Acetylsalicylic acid, or ASA, as it’s commonly known among scientists, is a toxin found in the bark of European willow trees, and a major component of aspirins and other analgesics, according to Mark Siddall, curator of “The Power of Poison,” an exhibition that debuts at New York’s American Museum of Natural History on November 16, 2013. “We also know lots of plants have salicylate compounds in them, like wintergreen—if you crush it, it smells like wintergreen flavoring used in gum—but all of these toxins have varying degrees of aspirin-like qualities,” he says.
Quinine is derived from the bark of the Cinchona tree and was well known in South America as a treatment for malaria. According to Peter Macinnis, an Australian science writer and author of “Poisons: From Hemlock to Botox to the Killer Bean of Calabar,” a Jesuit took it back to Europe, where malaria was also common, as it was around Washington, D.C., in the mid-19th century, and the British planted the tree in all of their colonies where malaria was prevalent. “[English politician and statesman] Oliver Cromwell died of malaria because he refused to take the ‘Jesuit’s bark,’” Macinnis says.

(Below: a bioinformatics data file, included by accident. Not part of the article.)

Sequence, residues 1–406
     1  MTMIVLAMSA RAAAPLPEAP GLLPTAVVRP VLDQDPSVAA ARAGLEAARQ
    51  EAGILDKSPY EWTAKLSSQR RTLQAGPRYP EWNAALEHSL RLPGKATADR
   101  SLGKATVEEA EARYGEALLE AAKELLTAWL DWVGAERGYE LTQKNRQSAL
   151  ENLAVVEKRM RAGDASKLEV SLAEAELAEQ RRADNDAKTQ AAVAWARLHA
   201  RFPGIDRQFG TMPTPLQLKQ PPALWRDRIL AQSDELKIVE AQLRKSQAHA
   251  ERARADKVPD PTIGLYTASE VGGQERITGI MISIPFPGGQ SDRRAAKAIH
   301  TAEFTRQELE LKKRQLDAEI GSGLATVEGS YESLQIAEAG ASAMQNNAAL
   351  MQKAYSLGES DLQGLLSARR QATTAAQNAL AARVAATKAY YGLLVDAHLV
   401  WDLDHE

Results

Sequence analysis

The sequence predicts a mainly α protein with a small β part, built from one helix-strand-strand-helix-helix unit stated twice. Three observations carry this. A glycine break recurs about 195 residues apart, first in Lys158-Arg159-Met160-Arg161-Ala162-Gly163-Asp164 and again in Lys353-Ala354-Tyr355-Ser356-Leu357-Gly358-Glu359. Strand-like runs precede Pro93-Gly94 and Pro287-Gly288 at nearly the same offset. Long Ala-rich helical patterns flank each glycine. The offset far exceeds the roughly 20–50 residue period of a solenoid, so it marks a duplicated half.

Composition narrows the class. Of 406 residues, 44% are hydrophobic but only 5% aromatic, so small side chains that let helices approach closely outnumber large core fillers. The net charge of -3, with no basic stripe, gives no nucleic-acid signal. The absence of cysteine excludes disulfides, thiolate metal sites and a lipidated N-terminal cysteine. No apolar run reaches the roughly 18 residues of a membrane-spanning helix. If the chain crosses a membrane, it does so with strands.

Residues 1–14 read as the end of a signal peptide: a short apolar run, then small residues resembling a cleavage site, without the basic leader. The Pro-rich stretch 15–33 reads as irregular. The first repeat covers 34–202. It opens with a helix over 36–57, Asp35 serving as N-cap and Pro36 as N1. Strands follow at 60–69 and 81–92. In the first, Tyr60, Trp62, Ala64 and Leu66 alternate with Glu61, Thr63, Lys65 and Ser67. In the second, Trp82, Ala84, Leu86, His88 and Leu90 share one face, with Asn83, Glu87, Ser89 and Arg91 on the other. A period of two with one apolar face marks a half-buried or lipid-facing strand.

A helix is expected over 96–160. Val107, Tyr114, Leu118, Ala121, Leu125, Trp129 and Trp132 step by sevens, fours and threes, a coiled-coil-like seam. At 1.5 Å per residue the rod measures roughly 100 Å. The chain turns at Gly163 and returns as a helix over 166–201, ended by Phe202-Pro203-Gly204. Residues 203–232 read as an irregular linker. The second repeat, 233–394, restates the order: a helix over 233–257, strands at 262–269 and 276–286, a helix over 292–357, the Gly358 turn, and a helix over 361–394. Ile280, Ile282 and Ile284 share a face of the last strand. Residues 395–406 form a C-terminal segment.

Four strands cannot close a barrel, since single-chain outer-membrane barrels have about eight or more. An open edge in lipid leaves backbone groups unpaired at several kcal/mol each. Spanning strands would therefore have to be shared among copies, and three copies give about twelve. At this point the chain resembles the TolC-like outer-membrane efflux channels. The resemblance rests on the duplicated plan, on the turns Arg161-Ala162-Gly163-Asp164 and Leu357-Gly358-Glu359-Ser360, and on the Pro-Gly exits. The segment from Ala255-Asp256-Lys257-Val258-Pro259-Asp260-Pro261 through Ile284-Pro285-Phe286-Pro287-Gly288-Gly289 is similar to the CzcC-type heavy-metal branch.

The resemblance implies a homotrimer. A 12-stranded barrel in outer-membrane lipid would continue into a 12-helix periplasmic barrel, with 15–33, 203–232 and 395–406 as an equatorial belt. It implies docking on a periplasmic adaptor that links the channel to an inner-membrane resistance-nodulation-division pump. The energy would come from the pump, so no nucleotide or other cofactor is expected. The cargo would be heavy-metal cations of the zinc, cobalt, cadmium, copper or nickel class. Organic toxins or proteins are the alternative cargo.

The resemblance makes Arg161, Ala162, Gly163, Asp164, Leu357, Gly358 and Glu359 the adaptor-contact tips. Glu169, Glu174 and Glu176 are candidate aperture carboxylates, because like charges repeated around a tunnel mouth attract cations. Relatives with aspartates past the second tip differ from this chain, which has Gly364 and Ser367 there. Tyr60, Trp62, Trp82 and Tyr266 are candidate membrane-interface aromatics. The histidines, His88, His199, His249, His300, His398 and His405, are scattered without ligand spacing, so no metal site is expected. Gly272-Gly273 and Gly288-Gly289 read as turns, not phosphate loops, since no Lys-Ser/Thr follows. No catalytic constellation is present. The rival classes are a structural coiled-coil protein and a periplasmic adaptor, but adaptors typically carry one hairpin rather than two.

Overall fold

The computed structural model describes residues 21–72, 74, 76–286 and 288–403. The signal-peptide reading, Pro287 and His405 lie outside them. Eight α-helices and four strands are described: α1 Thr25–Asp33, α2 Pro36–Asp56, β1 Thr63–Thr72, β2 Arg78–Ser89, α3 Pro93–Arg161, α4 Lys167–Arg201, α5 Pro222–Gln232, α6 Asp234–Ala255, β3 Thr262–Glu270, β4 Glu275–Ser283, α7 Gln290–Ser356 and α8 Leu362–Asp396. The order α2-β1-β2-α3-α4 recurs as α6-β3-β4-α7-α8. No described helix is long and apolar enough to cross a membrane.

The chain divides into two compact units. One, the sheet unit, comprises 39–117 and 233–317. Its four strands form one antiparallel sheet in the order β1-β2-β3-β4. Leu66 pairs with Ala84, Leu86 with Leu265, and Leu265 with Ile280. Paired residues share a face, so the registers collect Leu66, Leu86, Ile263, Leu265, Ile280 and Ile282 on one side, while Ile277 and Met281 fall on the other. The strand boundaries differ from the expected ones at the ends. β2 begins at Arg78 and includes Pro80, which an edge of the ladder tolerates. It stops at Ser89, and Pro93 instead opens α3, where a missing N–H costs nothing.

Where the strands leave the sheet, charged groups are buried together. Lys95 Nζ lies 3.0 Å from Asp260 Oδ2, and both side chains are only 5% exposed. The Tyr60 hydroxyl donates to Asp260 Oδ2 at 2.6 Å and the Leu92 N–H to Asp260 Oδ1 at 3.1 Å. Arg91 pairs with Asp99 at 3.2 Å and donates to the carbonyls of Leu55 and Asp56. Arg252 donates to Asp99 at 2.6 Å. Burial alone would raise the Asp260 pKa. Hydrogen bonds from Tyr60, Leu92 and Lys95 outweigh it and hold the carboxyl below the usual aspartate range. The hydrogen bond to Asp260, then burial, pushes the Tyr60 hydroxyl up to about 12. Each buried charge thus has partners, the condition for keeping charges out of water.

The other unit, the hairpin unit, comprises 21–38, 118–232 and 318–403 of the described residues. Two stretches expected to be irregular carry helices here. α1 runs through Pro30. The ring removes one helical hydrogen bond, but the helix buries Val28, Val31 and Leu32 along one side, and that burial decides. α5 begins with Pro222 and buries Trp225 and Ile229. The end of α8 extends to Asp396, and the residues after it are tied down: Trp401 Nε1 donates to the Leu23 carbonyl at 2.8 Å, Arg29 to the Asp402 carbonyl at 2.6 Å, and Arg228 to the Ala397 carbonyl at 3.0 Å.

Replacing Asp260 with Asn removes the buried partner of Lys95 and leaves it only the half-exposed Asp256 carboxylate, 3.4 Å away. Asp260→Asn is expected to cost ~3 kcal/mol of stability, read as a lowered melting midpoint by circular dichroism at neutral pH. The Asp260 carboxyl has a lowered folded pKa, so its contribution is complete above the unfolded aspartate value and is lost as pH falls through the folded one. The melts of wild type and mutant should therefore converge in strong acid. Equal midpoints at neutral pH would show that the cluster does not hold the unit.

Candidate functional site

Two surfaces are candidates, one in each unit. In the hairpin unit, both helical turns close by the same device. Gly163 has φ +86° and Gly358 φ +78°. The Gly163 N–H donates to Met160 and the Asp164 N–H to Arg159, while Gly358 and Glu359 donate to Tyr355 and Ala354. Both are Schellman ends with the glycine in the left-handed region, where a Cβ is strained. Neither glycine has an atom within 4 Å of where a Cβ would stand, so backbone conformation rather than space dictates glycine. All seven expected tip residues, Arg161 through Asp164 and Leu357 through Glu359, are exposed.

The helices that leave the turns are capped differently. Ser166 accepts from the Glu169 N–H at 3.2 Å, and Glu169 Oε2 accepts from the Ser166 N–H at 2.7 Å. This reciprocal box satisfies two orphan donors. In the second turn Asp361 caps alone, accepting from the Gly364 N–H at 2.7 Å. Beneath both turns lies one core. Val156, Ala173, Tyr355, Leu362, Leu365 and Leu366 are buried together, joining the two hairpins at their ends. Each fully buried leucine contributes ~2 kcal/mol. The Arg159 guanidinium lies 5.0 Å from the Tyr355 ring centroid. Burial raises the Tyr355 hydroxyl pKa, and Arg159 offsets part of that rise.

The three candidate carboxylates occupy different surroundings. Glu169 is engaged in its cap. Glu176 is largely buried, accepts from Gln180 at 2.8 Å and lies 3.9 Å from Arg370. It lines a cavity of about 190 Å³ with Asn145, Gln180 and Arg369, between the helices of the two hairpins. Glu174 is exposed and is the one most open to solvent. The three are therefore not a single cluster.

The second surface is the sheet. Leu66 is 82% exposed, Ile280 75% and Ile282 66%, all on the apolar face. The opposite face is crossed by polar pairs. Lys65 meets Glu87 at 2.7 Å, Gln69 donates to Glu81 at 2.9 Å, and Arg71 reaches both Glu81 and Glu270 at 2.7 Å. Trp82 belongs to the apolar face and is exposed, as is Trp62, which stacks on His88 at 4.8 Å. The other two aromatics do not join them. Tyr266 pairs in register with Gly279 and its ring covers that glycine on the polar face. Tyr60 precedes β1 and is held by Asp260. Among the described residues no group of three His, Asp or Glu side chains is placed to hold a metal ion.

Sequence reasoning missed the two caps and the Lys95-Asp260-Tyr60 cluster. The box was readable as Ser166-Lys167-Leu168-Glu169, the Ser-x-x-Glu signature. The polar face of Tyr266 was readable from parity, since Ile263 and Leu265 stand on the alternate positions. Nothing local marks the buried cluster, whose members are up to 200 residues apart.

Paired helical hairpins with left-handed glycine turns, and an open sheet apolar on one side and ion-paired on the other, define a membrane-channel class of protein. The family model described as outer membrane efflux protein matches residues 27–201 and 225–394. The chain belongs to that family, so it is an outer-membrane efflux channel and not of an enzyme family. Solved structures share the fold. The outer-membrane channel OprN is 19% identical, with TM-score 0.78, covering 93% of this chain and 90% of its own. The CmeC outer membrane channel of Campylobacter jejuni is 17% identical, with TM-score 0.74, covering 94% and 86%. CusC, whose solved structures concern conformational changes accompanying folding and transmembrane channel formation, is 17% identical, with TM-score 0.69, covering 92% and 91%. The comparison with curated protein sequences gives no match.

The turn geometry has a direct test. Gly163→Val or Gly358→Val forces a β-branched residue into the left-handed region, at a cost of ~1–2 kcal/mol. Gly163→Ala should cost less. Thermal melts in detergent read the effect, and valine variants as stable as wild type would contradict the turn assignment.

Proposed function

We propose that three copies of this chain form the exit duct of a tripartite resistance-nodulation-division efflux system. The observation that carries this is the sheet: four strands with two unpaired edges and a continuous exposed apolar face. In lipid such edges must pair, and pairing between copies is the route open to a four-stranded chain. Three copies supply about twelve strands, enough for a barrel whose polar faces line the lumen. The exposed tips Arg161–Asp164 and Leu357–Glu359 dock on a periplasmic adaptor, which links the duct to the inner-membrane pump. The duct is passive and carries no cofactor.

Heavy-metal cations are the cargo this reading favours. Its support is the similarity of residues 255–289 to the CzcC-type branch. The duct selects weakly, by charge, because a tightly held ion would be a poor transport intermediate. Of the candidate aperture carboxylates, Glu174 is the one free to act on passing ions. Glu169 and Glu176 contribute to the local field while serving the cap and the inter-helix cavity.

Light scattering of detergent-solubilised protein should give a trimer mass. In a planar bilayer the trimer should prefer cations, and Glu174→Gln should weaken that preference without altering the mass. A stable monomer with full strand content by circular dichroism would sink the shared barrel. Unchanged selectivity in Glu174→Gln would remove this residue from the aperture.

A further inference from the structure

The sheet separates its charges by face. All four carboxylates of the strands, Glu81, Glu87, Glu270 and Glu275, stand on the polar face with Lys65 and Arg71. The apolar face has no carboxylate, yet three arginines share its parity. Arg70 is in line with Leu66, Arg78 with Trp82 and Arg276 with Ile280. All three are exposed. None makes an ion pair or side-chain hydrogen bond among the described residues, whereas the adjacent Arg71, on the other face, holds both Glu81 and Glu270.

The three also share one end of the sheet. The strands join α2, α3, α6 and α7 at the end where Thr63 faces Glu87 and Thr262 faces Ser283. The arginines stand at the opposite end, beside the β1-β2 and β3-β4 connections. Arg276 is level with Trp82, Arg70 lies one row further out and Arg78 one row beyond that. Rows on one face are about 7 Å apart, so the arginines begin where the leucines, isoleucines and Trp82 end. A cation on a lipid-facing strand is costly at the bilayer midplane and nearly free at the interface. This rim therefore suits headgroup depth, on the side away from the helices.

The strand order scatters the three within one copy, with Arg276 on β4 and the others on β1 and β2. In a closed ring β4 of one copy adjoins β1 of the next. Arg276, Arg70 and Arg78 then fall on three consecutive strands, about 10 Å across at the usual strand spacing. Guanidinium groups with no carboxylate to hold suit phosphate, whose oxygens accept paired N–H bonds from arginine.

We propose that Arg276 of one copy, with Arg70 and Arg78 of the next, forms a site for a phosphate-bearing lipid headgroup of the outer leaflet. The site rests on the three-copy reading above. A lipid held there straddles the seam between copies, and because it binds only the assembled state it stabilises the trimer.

Now, quinine and its derivatives are used all over the world as a treatment for malaria and figure widely in drugs such as Cholorquine.
Atropine, which comes from the Atropa belladonna plant, or Deadly Nightshade as it’s more commonly called, is used in eye drops because of its ability to dilate the pupils. In its pure form, though, belladonna is highly poisonous, Siddall says, but therapeutically, it has several uses and was a major component of Bromoquinine, a very popular cold remedy in the 1920s that was also used as an anti-malarial medication.
Long before they were used in hallucinogenic drugs, opiates, which are derived from the opium poppy and can be toxic in high doses, were used for back pain relief, Macinnis says. Today, they continue to figure in drugs such as OxyContin, a prescription pain reliever.
“The anti-cancer drug Taxol (paclitaxel) is extracted from the bark and needles of yew trees [which are poisonous],” Macinnis says. “It is federally approved in the U.S. for treating breast and ovarian cancers, and now is finding a range of new uses, including esophageal cancer and the AIDS-related Kaposi’s sarcoma.”